Money and Marriage ThemeTracker
Money and Marriage Quotes in Mansfield Park
Maria Bertram was beginning to think matrimony a duty; and as a marriage with Mr. Rushworth would give her the enjoyment of a larger income than her father’s, as well as ensure her the house in town, which was now a prime object, it became, by the same rule of moral obligation, her evident duty to marry Mr. Rushworth if she could.
There is not one in a hundred of either sex who is not taken in when they marry…it is, of all transactions, the one in which people expect most from others, and are least honest themselves… it is a manoeuvring business. I know so many who have married in the full expectation and confidence of some one particular advantage in the connexion, or accomplishment, or good quality in the person, who have found themselves entirely deceived, and been obliged to put up with exactly the reverse.
“Your prospects…are too fair to justify want of spirits. You have a very smiling scene before you.”
“Do you mean literally or figuratively? Literally, I conclude. Yes, certainly, the sun shines, and the park looks very cheerful. But unluckily that iron gate, that ha-ha, give me a feeling of restraint and hardship. ‘I cannot get out,’ as the starling said.”
Fanny saw and pitied much of this in Julia; but there was no outward fellowship between them. Julia made no communication, and Fanny took no liberties. They were two solitary sufferers, or connected only by Fanny’s consciousness.
He was going…—He might talk of necessity, but she knew his independence.—The hand which had so pressed hers to his heart!—The hand and the heart were alike motionless and passive now!...She had not long to endure what arose from listening to language, which his actions contradicted, or to bury the tumult of her feelings under the restraint of society… and the farewell visit, as it then became openly acknowledged, was a very short one.
It was a very proper wedding. The bride was elegantly dressed– the two bridesmaids were duly inferior– her father gave her away– her mother stood with salts in her hands, expecting to be agitated– her aunt tried to cry…Nothing could be objected to when it came under the discussion of the neighbourhood, except that the carriage which conveyed the bride and bridegroom and Julia from the church door to Sotherton, was the same chaise which Mr. Rushworth had used for a twelvemonth before. In every thing else the etiquette of the day might stand the strictest investigation.
“I am so glad your eldest cousin is gone that he may be Mr. Bertram again. There is something in the sound of Mr. Edmund Bertram so formal, so pitiful, so younger-brother-like, that I detest it.”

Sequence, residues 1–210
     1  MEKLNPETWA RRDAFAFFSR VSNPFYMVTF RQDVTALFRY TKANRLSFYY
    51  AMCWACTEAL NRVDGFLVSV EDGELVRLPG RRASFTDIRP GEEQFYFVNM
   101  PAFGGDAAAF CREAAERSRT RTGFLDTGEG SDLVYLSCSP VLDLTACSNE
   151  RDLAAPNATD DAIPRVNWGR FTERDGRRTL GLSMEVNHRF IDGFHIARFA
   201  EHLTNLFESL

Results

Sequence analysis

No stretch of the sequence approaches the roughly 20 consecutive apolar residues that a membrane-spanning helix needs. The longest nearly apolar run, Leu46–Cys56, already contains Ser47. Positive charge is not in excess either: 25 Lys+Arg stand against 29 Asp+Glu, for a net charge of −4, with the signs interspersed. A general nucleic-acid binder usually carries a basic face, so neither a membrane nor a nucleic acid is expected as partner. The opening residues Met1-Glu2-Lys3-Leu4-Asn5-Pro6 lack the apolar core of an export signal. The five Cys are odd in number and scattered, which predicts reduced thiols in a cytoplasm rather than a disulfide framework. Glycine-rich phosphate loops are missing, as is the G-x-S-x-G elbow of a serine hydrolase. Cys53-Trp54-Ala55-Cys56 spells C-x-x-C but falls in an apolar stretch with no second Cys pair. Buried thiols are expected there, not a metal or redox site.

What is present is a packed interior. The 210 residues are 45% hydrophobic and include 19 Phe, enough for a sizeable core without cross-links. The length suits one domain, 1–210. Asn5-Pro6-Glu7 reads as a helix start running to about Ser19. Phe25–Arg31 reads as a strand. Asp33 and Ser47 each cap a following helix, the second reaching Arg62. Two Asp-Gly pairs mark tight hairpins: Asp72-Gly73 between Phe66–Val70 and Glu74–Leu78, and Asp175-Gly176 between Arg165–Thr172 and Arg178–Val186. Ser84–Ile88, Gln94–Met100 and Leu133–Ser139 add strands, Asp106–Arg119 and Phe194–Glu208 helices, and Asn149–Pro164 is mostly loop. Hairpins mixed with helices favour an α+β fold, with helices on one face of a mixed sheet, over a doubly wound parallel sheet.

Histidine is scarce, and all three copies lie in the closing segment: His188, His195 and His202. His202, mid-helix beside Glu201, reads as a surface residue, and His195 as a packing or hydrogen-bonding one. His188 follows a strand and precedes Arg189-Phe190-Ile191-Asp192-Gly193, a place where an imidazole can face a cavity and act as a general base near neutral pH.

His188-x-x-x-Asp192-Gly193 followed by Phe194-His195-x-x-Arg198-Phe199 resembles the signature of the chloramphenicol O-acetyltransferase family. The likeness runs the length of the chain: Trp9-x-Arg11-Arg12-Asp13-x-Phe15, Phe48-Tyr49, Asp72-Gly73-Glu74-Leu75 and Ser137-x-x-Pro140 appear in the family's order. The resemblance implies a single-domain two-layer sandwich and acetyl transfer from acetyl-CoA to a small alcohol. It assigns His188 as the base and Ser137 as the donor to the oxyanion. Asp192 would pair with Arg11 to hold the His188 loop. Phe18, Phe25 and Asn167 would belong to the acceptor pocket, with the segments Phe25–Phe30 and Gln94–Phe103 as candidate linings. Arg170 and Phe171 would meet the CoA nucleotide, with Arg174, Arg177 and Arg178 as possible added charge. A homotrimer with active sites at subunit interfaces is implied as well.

“How differently we feel!” cried Fanny. “To me, the sound of Mr. Bertram is so cold and nothing-meaning–so entirely without warmth or character!–It just stands for a gentleman, and that’s all.”
Two lines more prized had never fallen from the pen of the most distinguished author— never more completely blessed the researches of the fondest biographer. The enthusiasm of a woman’s love is even beyond the biographer’s. To her, the handwriting itself, independent of anything it may convey, is a blessedness. Never were such characters cut by any other human being as Edmund’s commonest handwriting gave! This specimen, written in haste as it was, had not a fault; and there was a felicity in the flow of the first four words, in the arrangement of “My very dear Fanny,” which she could have looked at for ever.
She took the letters as he gave them. The first was from the Admiral to inform his nephew…of his having succeeded in the object he had undertaken, the promotion of young Price…Sir Charles was much delighted in having such an opportunity of proving his regard for Admiral Crawford, and…William Price’s commission as second Lieutenant of H.M. sloop Thrush… was spreading joy through a wide circle of great people.
I should have thought…that every woman must have felt the possibility of a man’s not being approved, not being loved by some one of her sex, at least, let him be every so generally agreeable. Let him have all the perfections in the world, I think it ought not be set down as certain, that a man must be acceptable to every woman he may happen to like himself.
I purposefully abstain from dates on this occasion, that every one may be at liberty to fix their own, aware that the cure of unconquerable passions, and the transfer of unchanging attachments, must vary much as to time in different people. I only entreat everybody to believe that exactly at the time when it was quite natural that it should be so, and not a week earlier, Edmund did cease to care about Miss Crawford, and became as anxious to marry Fanny as Fanny herself could desire.